For years I’ve been an enthusiastic cheerleader for the atheist movement, and I still am. I think it’s important for humanity to move beyond this childish and destructive crutch of superstition.
But at the same time I find myself constantly dismayed at the difficulty of moving atheism beyond the same old cliques, of making it a human movement rather than a well-off white guys’ movement. And why we can’t find room for good atheists like Melissa McEwan, who left her patriarchal church.
More than a decade later, I found movement atheism online. I was never one to evangelize my lack of god-belief, nor broadcast hatred of religion or its adherents, so that part of the movement was not a draw. But I did fancy the possibility of community around something that has been an axis of marginalization for me in some parts of my life.
I found the same inequality, manifesting in different ways.
There were precious few visible atheist leaders: The most prominent male atheists were very enamored with one another, and not particularly inclined to offer the same support to women, via recommended links and highlighted quotes and inclusion in digital salons about Important Ideas. They wondered aloud where all the female atheists are, and women would pipe up—"Here! Here we are! We’re right here!"—only to then go back to the status quo, with explicit or implicit messaging that women just weren’t working as hard as they are, just aren’t as smart as they are, or else they’d be leaders, too.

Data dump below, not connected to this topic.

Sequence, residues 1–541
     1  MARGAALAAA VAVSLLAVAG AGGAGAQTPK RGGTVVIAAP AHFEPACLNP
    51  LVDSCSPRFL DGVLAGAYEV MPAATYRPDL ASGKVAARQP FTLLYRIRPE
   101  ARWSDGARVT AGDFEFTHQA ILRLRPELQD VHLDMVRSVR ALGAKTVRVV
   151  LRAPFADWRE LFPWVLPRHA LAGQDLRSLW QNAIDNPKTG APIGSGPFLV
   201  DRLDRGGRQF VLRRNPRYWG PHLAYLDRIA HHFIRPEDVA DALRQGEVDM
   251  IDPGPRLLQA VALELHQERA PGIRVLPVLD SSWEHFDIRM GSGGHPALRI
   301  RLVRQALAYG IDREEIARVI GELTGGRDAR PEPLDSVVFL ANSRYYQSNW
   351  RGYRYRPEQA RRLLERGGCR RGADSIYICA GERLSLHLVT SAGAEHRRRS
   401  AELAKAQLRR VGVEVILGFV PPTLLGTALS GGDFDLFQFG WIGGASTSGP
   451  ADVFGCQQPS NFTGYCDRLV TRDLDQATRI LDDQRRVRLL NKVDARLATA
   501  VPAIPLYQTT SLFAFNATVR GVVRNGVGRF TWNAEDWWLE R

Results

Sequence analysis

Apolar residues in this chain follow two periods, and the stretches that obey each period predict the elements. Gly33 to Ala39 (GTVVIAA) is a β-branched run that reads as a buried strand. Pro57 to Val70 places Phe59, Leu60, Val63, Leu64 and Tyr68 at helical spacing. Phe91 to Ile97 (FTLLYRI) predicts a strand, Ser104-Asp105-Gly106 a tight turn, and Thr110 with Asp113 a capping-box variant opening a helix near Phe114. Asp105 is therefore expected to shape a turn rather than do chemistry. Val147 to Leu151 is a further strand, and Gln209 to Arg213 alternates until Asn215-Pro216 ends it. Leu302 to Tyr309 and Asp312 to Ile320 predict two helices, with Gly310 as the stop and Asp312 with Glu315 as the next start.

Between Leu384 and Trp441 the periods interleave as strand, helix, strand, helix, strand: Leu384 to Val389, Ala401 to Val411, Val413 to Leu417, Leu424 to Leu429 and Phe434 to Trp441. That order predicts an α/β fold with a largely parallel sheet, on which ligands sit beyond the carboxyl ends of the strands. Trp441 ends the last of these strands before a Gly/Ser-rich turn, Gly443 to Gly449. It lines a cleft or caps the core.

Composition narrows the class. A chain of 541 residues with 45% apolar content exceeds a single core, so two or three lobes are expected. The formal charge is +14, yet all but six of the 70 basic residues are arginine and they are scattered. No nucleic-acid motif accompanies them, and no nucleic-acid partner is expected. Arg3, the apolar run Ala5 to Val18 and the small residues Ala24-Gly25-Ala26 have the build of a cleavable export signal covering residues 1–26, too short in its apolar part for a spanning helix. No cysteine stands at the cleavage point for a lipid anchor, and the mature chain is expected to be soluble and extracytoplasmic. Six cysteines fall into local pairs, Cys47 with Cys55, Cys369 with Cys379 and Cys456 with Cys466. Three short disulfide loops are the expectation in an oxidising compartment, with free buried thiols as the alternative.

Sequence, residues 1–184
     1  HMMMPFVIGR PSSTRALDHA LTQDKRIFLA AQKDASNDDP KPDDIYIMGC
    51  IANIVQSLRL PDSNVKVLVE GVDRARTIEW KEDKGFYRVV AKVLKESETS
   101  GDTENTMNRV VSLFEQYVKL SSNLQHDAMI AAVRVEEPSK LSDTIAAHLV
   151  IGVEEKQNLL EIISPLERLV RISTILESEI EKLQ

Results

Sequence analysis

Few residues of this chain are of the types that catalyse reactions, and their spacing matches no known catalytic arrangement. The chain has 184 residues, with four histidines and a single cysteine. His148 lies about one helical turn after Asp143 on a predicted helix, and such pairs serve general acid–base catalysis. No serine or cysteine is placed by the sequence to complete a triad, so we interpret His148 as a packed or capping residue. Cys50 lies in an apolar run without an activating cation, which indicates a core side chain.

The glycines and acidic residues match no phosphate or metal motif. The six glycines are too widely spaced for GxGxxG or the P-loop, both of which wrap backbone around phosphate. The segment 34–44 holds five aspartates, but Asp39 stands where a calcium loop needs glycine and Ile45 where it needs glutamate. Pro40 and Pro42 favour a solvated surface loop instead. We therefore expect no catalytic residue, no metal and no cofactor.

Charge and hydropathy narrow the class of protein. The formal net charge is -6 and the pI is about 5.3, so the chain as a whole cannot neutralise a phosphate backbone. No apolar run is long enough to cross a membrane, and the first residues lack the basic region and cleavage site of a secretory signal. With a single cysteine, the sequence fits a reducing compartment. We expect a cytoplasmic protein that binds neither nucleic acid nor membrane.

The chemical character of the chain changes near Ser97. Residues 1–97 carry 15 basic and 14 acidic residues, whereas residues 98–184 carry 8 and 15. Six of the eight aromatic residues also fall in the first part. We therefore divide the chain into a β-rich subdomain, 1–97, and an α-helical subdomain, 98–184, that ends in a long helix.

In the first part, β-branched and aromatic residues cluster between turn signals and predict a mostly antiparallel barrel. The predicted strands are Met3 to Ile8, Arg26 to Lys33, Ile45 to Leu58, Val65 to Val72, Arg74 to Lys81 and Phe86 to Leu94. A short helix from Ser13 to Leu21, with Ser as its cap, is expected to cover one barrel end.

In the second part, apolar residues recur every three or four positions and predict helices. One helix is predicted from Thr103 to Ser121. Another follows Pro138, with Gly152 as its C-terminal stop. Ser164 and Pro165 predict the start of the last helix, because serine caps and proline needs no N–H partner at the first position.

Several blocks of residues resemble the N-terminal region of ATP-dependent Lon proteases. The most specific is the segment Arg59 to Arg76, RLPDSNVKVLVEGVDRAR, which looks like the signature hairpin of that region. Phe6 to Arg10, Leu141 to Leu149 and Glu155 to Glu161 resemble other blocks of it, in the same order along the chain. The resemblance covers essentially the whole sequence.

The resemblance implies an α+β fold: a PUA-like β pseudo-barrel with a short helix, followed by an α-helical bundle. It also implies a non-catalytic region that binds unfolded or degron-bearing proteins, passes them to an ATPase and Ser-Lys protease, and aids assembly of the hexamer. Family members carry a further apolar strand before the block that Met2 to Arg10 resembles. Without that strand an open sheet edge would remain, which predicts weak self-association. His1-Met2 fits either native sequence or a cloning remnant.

There was the exclusion from conferences, the sexist posts, the sexual harassment, the appropriation of religious and irreligious women’s lived experiences to Score Points and the obdurate not listening to those women when they protested.
In fact, female atheists’ protests were greeted much the same way with which my protests had been met in my patriarchal church. Silencing. Demeaning. Threats.
Read the whole thing. But I have to say that the closing paragraph is a real punch in the gut.
I would say I felt exactly as welcome in movement atheism as I did at my Missouri Synod Lutheran Church, but that would be a lie. No one at St. Peter’s ever called me a stupid cunt because I disagreed with them.
We will fail if we can’t change this.
What can I do better?